As project professionals, we all aspire to become a greater project manager. But how? The common recommendations that I have been giving are fairly expected:

  1. Master the basics of project management, e.g. methods, life cycle, and knowledge domains
  2. Gain hands-on experiences, e.g. dive knee deep and lead
  3. Apply multiple approaches, from traditional to adaptive including hybrid
  4. Get certified, e.g. PMP, PgMP, PfMP, etc.
  5. Speak, write, share, collaborate, and explore/research

And if your workplace does not provide these opportunities, then seek elsewhere, such as volunteer with your PMI chapters, local churches, and other non-profit organizations to fill voids and gaps in your experiences.   But are these advices enough?  The answer is no.

To become a great project manager, a professional must master the art of Balancing and Dealing with Extremes.  Here are three examples and I welcome your input to provide more (and I will select the best of them to include in this growing blog):

  1. Level of operation. It’s difficult to be both strategic and tactical at the same time.  Project managers must see the big picture to effective integrate all the components of a project. Some call this strategic thinking, and others call this holistic perspective. Yet at the same time, they are expected to dive deep into the project and assign resources, tackle issues, develop detailed schedules and plans, and even in some cases, jump into solve problems.
  2. Mental State. Project managers needs to be both optimist and pessimist at the same time. Since project managers are called to lead difficult endeavors, they must be an optimist at heart.  Yet, when working with new team members or vendors, they need to be skeptical (e.g. trust but verify) and even cynical if they are burned before. This pessimism keeps project managers proactive engaged and cautious. It’s not easy to encourage your team to attain the next milestone while at the same time questioning the very foundation in which the work is built on.  This requires a very healthy mental state.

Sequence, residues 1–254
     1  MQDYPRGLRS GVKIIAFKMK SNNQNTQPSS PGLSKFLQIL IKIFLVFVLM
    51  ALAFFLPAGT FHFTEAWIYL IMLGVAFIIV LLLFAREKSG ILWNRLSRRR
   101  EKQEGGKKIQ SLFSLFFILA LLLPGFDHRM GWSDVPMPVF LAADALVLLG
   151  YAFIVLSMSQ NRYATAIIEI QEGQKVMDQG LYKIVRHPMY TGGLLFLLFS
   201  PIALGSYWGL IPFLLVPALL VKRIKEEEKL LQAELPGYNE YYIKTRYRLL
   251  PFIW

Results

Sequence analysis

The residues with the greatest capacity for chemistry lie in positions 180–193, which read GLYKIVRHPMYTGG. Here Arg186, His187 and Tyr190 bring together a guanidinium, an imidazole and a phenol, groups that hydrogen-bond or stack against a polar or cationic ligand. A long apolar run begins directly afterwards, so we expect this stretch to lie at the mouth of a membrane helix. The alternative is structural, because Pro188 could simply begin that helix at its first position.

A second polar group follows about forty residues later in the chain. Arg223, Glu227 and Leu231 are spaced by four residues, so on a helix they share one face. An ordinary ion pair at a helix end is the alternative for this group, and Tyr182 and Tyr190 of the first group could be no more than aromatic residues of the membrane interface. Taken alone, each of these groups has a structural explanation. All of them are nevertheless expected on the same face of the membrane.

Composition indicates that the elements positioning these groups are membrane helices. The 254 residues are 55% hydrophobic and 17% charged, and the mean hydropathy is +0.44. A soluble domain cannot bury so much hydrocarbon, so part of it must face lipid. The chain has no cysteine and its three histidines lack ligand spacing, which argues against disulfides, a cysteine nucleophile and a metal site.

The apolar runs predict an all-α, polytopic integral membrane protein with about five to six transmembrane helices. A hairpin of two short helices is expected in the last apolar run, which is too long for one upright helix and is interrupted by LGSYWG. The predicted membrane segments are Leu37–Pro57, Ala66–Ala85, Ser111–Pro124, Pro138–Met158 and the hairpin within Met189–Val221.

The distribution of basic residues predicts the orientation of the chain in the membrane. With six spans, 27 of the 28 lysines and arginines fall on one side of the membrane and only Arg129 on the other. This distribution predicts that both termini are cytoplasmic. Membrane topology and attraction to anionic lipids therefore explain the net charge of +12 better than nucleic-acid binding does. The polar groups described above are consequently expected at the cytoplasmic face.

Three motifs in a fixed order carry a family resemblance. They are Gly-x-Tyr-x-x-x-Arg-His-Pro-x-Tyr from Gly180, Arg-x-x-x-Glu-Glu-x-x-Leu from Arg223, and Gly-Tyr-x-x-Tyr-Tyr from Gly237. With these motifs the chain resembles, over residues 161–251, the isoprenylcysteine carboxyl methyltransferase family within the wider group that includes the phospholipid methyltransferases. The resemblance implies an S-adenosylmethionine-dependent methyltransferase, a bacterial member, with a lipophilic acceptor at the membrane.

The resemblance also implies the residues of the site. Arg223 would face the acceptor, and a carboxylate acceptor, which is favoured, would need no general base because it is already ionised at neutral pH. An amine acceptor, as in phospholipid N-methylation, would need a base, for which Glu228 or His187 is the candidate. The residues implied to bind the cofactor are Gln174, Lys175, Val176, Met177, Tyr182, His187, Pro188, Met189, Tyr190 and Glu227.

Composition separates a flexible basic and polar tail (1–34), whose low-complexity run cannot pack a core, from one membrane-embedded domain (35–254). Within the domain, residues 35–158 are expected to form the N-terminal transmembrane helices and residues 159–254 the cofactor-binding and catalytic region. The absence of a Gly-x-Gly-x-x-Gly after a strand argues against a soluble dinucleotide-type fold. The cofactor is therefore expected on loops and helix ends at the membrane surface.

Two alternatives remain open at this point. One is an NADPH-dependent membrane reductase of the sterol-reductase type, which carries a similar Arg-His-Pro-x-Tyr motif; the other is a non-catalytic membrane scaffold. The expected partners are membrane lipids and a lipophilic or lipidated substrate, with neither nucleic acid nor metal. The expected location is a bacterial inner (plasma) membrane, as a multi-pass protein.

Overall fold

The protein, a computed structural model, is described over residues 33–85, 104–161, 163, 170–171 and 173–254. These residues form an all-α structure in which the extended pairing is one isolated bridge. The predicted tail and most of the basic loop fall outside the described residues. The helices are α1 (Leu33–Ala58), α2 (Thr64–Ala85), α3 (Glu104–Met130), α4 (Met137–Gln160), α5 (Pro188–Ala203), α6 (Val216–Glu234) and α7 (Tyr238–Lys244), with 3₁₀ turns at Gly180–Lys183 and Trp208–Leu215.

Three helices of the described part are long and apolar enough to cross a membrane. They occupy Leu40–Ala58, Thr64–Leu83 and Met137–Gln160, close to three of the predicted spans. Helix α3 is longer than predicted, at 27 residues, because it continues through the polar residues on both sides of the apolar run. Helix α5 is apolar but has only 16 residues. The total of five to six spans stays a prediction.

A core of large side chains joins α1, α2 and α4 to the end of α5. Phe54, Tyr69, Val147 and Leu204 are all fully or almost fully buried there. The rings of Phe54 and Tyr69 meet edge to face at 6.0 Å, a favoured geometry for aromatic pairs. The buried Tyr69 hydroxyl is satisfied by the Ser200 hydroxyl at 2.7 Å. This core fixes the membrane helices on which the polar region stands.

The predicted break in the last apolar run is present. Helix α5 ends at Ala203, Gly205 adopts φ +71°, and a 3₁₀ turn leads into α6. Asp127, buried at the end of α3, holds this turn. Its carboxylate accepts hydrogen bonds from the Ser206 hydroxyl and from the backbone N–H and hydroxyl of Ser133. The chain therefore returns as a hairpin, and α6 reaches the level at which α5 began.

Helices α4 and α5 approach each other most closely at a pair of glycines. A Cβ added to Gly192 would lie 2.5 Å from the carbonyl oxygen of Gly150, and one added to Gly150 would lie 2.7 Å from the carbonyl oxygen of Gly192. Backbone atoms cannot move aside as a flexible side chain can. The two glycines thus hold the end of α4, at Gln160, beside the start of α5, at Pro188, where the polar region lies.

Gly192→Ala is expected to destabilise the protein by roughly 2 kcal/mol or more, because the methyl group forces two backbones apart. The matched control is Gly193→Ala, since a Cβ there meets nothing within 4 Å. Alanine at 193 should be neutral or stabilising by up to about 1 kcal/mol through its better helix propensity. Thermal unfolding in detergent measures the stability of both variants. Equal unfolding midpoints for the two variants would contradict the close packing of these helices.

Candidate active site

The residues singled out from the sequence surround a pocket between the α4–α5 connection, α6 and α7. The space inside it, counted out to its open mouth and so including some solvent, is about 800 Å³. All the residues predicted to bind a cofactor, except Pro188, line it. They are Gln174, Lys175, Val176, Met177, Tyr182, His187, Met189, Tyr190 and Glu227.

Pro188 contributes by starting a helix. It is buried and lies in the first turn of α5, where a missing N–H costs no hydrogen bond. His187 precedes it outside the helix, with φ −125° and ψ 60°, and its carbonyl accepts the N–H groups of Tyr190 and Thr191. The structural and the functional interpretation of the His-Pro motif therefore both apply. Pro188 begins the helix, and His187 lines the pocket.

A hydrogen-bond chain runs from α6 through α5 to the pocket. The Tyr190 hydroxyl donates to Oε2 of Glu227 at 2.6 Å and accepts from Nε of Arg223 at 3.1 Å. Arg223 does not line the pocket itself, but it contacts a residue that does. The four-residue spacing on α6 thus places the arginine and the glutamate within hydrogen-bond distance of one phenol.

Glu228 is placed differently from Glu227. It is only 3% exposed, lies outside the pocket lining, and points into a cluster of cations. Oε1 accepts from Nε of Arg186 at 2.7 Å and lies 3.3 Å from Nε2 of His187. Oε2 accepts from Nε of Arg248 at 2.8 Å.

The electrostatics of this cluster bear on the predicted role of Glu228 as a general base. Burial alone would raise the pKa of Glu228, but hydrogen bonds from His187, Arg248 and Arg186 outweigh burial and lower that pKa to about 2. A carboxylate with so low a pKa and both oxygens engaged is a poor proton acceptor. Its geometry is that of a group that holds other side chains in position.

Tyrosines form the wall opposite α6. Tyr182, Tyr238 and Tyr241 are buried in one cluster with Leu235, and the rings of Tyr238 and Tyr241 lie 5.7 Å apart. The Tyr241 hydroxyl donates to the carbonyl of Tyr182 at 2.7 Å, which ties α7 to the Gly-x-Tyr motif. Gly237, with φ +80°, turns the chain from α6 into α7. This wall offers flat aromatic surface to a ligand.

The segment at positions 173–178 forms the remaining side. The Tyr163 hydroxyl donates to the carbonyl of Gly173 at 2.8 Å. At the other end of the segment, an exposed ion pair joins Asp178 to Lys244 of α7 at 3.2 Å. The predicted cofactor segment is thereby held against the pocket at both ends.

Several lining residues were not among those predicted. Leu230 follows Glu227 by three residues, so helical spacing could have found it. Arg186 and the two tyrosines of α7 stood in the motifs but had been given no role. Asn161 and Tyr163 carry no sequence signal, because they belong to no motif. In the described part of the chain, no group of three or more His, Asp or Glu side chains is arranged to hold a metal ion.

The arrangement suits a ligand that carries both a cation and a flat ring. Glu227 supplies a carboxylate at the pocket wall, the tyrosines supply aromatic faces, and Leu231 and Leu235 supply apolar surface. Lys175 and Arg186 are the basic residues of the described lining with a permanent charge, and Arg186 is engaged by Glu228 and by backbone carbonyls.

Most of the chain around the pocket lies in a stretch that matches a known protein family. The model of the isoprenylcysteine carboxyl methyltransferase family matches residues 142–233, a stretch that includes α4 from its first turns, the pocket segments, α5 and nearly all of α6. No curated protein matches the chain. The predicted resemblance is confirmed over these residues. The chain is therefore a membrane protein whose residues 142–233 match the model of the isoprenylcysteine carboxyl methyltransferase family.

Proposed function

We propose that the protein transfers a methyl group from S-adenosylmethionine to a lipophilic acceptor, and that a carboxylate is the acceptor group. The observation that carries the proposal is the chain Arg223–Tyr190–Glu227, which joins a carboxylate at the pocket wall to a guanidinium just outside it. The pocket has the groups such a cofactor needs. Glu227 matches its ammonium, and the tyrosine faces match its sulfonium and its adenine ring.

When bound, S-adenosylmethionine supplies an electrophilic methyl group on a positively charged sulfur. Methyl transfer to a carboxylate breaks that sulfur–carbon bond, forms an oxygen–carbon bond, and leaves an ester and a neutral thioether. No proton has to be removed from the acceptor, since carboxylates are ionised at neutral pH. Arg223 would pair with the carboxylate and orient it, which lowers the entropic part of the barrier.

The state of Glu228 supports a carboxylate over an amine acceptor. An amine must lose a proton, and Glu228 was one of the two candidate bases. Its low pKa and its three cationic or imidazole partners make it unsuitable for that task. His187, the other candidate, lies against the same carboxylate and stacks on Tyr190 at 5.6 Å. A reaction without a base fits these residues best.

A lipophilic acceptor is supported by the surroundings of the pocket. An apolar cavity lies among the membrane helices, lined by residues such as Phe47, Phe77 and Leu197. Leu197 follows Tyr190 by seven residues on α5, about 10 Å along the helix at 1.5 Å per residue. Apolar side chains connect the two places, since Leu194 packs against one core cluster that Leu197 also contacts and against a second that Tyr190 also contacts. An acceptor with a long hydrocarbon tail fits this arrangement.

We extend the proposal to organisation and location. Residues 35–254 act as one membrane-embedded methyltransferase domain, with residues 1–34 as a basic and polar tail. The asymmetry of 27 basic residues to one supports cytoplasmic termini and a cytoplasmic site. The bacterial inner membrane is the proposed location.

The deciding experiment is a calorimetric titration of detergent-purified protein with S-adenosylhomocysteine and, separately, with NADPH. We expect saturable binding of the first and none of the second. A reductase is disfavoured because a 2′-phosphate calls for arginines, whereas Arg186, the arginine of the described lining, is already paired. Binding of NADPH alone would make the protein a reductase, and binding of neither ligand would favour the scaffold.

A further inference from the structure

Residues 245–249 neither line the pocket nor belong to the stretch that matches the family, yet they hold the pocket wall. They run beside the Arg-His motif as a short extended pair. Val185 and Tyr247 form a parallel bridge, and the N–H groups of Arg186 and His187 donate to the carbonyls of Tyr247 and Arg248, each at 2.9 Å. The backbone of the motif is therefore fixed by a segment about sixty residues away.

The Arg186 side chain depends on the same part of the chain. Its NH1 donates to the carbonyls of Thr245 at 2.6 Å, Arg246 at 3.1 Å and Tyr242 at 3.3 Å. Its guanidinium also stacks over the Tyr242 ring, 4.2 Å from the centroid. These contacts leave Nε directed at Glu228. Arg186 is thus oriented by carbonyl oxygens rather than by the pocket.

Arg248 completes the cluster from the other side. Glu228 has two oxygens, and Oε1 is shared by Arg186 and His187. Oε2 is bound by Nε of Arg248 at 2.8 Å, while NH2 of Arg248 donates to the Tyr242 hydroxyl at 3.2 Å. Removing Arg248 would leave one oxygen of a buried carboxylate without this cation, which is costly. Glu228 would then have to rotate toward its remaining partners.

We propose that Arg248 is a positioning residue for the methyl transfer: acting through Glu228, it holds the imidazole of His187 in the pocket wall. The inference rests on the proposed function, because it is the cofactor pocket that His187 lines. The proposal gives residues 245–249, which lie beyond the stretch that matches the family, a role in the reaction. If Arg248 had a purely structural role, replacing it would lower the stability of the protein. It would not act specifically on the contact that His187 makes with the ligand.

3. Putting out vs. anticipating fires.  Good project managers often work on tough projects, and these projects often have a high number of issues. These are like burning fires that require a project manager’s attention. Yet, while they are putting out these fires, often requiring more than 100% of their time, project managers are also asked to look ahead and anticipate the upcoming risks. Balancing fire fighting with evaluating prophecies is not easy.

These dichotomies of opposite actions and thoughts can be difficult for many.  For those who aspire to be great managers, however, it’s important to master the art of balancing and operate at a broad range of levels – thinker vs. doer, big picture vs. hands-on, optimism with skepticism and a dose of cynicism, looking ahead vs. focusing on the immediate working with executives and team members, and projecting strength while admitting weakness and knowing when to ask for help.


Do you agree? Do you have good stories or examples to share?  If yes, please complete the short form here and submit your thoughts.  We will share the good ideas and provide a back link to you.


Prof. Dr. Wu